Meet the group of scientists, experts in their field, that provide scientific guidance and perspective to Damona’s scientific development.
Dr. Guy Griebel
Head of External Innovation, Rare and Neurological Disorders, Sanofi
Dr. Guy Griebel served as Global Head of the Department of Neuroscience Pharmacology leading global, cross-functional and cross-divisional teams of up to 60. He played a key role in the discovery, characterization, and clinical testing of a variety of first-in-class compounds in psychiatric, pain and neurodegenerative disorders (20+). Under his supervision, several of these compounds have made it to Phase III clinical trial and some are still under active development.
His contributions, which have spanned over 20 years have been seminal to the field of neuropsychopharmacology. Among many contributions, his research has led to the identification of key neurobiological roles for several neurotransmitter and neuropeptide systems in mental diseases and key novel targets associated with the pathophysiology of these conditions. In addition to his work in the field of drug discovery and development, he has made key contributions to the implementation and standardization of animal models for psychiatric and neurodegenerative disorders. For example, he has championed the systematic use of multiple animal models of anxiety, depression, and schizophrenia to predict new compounds prior to movement to the clinical setting.
Dr. John Krystal
Co-Director, Yale Center for Clinical Investigation; Chair, Department of Psychiatry; Chief of Psychiatry, Yale-New Haven Hospital
Dr. Krystal is a leading expert in the areas of post-traumatic stress disorder, schizophrenia, and depression. His work links psychopharmacology, neuroimaging, molecular genetics, and computational neuroscience to study the neurobiology and treatment of these disorders. He is best known for leading the discovery of the rapid antidepressant effects of ketamine in depressed patients.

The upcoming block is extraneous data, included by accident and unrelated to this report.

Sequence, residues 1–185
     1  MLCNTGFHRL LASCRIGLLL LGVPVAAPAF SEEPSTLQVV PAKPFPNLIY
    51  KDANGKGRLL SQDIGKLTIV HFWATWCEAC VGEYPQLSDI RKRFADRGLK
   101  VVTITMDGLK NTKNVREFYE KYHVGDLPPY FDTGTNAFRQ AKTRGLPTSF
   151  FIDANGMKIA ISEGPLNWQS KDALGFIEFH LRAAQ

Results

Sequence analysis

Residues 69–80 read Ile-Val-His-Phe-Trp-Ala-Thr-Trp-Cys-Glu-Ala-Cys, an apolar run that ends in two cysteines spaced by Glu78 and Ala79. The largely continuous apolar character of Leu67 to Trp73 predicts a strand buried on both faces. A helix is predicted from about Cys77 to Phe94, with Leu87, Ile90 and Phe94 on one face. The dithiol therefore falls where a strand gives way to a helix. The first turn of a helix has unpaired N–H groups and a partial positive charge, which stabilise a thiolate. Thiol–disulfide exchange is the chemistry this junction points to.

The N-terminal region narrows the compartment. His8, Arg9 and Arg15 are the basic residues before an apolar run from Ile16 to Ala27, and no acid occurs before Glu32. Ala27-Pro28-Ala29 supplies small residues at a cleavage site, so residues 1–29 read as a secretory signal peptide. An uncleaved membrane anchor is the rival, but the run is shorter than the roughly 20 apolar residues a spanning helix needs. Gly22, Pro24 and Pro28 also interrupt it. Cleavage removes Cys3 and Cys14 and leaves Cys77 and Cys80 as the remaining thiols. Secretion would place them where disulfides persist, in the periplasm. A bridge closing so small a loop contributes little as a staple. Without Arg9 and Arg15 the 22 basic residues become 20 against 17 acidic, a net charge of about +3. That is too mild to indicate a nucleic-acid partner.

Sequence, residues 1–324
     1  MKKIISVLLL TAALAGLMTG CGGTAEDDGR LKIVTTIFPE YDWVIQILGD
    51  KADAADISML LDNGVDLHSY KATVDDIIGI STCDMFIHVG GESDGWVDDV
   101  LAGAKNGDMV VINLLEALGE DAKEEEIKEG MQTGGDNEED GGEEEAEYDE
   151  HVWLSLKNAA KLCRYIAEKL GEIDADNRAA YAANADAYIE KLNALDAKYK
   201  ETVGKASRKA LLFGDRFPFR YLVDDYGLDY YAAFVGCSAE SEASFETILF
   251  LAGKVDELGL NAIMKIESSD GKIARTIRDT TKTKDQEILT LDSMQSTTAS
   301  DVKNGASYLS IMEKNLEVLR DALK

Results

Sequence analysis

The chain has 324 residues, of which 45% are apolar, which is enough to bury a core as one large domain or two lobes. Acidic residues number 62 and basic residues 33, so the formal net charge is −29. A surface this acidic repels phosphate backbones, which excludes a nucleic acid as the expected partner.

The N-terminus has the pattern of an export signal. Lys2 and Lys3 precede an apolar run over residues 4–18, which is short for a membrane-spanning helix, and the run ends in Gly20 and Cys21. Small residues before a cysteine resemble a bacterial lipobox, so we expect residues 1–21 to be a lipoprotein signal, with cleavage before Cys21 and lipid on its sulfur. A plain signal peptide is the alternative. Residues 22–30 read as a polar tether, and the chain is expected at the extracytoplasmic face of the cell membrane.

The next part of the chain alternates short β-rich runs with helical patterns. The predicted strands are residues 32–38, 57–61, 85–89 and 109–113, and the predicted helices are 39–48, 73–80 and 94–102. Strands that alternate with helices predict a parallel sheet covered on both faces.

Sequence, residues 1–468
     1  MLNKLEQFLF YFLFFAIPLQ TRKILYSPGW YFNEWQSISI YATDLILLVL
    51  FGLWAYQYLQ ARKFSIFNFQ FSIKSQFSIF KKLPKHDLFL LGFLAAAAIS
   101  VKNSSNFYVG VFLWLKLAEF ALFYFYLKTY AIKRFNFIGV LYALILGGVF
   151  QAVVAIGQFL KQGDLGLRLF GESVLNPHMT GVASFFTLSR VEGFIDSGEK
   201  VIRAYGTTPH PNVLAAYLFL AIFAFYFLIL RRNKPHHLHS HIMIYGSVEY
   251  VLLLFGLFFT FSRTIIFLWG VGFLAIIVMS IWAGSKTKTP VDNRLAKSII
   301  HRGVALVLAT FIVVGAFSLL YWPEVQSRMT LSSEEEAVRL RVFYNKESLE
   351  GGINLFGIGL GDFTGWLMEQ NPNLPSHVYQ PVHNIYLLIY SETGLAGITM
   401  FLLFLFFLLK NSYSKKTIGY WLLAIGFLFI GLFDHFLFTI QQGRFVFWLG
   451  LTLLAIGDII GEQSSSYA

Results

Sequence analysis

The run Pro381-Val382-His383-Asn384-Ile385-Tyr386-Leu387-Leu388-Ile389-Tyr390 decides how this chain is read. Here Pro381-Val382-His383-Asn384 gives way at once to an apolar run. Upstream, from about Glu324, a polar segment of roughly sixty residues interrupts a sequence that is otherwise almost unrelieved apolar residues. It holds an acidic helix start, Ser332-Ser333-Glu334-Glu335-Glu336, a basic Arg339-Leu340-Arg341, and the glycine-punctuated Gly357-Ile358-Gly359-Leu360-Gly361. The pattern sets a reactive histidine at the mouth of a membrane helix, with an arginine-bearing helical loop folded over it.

Dr. Krystal previously served on the Department of Defense Psychological Health Advisory Committee, and the NIMH Board of Scientific Counselors (chair, 2005-2007). He has led the American College of Neuropsychopharmacology (president, 2012), and International College of Neuropsychophamacology (president, 2016-2018).
Currently, he is co-chair of the Neuroscience Forum (NeuroForum) of the National Academies of Sciences, Engineering, and Medicine, and he edits the journal, Biological Psychiatry.
Dr. Uwe Rudolph
Head, Comparative Bioscience, University of Illinois
Dr. Uwe Rudolph is Professor and Head of the Department of Comparative Biosciences in the College of Veterinary Medicine at the University of Illinois at Urbana-Champaign. He received a medical degree and a research doctorate in Pharmacology from the Freie Universitat Berlin, Germany and postdoctoral training in the Department of Cell Biology at Baylor College of Medicine in Houston, TX, before moving on to the Institute of Pharmacology and Toxicology at the University of Zurich, Switzerland. Before moving to Illinois, he was Professor of Psychiatry at Harvard Medical School working at McLean Hospital in Belmont, MA.
Research by Dr. Rudolph and colleagues has identified pharmacological functions of GABAA receptor subtypes using a combination of genetic, molecular, morphological and behavioral techniques and provides a framework for the development of drugs targeting specific GABAA receptor subtypes.